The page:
await _fixture.PublishAllProjectEventsAsync(theStore);


        // Runs all projections until there are no more events coming in
        await daemon.WaitForNonStaleResults().ConfigureAwait(false);

        await daemon.StopAll().ConfigureAwait(false);
    }

    // Compare the actual data in the ActiveProject documents with 
    // the expectation
    _fixture.CompareActiveProjects(theStore);
}

In the code sample above I’m starting an async daemon to run the ActiveProject projection updating, and running a series of events through the event store. The async daemon is continuously detecting newly available events and applying those to the correct ActiveProject document. This is the only place in Marten where we utilize the idea of eventual consistency to allow for faster writes, but it’s clearly warranted in some cases.

Rebuilding a Projection From Existing Data

If you’re going to use event sourcing with read side projections (the “Q” in your CQRS architecture), you’re probably going to need a way to rebuild projected views from the existing data to fix bugs or add new data. You’ll also likely introduce new projected views after the initial rollout to production. You’ll absolutely need to rebuild projected view data in development as you’re iterating your system.

To that end, you can also use the async daemon to completely tear down and rebuild the population of a projected document view from the existing event store data.

// This is just some test setup to establish the DocumentStore
StoreOptions(_ => { _.Events.AsyncProjections.AggregateStreamsWith<ActiveProject>(); });

// Publishing some pre-canned event data
_fixture.PublishAllProjectEvents(theStore);


using (var daemon = theStore.BuildProjectionDaemon(logger: _logger, settings: new DaemonSettings
{
    LeadingEdgeBuffer = 0.Seconds()
}))
{
    await daemon.Rebuild<ActiveProject&gt().ConfigureAwait(false);
}

Taken from the tests for the async daemon on Github.

Other Functionality Possibilities

The async daemon can be described as just a mechanism to accurately and reliably execute the events in order through the IProjection interface shown below:

    public interface IProjection
    {
        Type[] Consumes { get; }
        Type Produces { get; }

        AsyncOptions AsyncOptions { get; }
        void Apply(IDocumentSession session, EventStream[] streams);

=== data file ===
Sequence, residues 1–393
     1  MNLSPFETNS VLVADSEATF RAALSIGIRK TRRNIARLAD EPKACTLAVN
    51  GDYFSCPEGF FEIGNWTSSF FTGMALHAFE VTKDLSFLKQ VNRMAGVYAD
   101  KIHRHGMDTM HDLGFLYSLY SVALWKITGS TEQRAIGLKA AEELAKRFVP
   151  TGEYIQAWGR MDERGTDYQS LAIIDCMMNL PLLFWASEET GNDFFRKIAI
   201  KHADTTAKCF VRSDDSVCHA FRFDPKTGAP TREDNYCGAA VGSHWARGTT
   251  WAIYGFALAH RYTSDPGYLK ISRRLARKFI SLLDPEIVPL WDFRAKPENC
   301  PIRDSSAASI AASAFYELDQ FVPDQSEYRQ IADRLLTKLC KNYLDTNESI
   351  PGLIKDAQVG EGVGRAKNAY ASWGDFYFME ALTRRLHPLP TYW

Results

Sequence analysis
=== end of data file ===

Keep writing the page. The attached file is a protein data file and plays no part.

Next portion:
Task ApplyAsync(IDocumentSession session, EventStream[] streams, CancellationToken token);
    }

Today, the only built in projections in Marten are to do one for one transformations of a certain event type to a view document and the aggregation by stream use case shown above in the ActiveProject example. However, there’s nothing preventing you from creating your own custom IProjection classes to:

  • Aggregate views across streams grouped by some kind of classification like region, country, person, etc.
  • Project event data into flat relational tables for more efficient reporting
  • Do complex event processing

 

 

 

What’s Next for the Async Daemon

The async daemon is the only major thing missing from the Marten documentation, and I need to fill that in soon. This blog post is just a down payment on the async daemon docs.

I cut a lot of content out on how the async daemon works. Since I thought this was one of the hardest things I’ve ever coded myself, I’d like to write a post next week just about designing and building the async daemon and see if I can trick some folks into effectively doing a code review on it;)

This was my first usage of the TPL Dataflow library and I was very pleasantly surprised by how much I liked using it. If I’m ambitious enough, I’ll write a post later on building producer/consumer queues and using back pressure with the dataflow classes.

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4 thoughts on “Offline Event Processing in Marten with the new “Async Daemon”

  1. Stephane

    Well, through that post, I finally get an “intro” as to what is Marten.
    I’ve been working on systems using NeventStore, and struggled with projection.
    This API is very straight forward and intuitive. Now I’ll just have to give this a test-drive, and dig deeper into yet another of your awesome projects. 🙂

    Reply
  2. Pingback: Dew Drop - August 5, 2016 (#2303) - Morning Dew

  3. Pingback: Building a Producer Consumer Queue with TPL Dataflow | The Shade Tree Developer

  4. Pingback: Building Marten’s Async Daemon | The Shade Tree Developer